The former Eagles star quarterback is said to be finishing two math tests to complete graduation requirements before he can join the Ducks for fall camp.

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Academic difficulties could make the football learning curve even steeper for former Eastern Washington quarterback Vernon Adams Jr.

Or not.

The university posted on Thursday the names of students who fulfilled graduation requirements for spring term, and Adams’ name wasn’t on the list. That means he still isn’t eligible to play football for Oregon, where he hopes to compete this fall as a graduate student-athlete.

Adams has been in Eugene for almost four weeks, but without a bachelor’s degree, Adams must pay for his own expenses and can’t participate in the Ducks’ coach-supervised summer conditioning program. That’s important, since he hasn’t had access to competition-level coaching or facilities since Feb. 9, when he announced his decision to transfer.

Adams may be able to participate in unsupervised drills with other UO players, however, as the Ducks prepare for their season opener Sept. 5 against Adams’ former teammates from EWU.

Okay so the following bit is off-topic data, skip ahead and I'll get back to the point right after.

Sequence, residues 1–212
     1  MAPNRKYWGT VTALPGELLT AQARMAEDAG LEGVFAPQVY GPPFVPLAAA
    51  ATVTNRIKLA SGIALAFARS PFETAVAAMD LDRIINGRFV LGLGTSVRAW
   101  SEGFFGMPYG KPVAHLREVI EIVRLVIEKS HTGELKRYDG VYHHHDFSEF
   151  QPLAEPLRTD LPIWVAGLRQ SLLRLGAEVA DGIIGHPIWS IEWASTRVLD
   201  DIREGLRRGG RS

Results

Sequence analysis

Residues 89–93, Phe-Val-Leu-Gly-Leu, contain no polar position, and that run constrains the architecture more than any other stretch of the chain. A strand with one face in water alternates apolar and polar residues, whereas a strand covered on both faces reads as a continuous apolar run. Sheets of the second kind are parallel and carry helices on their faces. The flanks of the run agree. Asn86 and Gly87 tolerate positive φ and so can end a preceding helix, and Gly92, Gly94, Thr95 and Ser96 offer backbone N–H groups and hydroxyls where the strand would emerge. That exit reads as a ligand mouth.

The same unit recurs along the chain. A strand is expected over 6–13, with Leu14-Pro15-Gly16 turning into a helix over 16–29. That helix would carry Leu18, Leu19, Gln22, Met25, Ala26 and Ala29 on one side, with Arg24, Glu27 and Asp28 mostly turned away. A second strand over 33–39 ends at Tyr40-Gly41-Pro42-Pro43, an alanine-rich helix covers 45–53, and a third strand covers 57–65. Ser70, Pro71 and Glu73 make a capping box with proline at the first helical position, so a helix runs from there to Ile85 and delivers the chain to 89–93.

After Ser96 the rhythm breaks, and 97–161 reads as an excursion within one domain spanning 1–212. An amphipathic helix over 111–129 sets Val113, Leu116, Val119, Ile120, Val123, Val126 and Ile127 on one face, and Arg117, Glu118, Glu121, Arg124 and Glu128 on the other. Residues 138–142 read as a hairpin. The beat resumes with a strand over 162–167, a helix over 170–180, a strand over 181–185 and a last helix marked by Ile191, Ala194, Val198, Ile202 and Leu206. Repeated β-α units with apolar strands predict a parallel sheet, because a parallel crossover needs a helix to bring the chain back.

Adams said three weeks ago that he had expected to speedily finish two remaining math tests that stand in the way of his graduation; two weeks ago, Oregon coach Mark Helfrich said he anticipated “no hiccups” in getting Adams eligible.

Oregon opens fall camp Aug. 10, but Eastern’s summer term doesn’t end until Aug. 14, potentially delaying his availability. However, it’s unclear whether Adams will be allowed to complete the math work before those dates and join fall practice on schedule.

Adams did not reply to telephone and text messages from The Spokesman-Review.

However, later on Thursday afternoon, Bruce Feldman of Foxsports.com tweeted that he was told “by a source close to Vernon Adams (that) he is finishing a math class in the next week or so as was planned.”

Adams has been admitted to Oregon’s graduate school, the UO registrar said on Monday.

Adams participated in EWU commencement on June 13, but said three days later that he needed to complete two more math tests in order to graduate. Under NCAA rules, Adams is eligible to play immediately as a graduate student.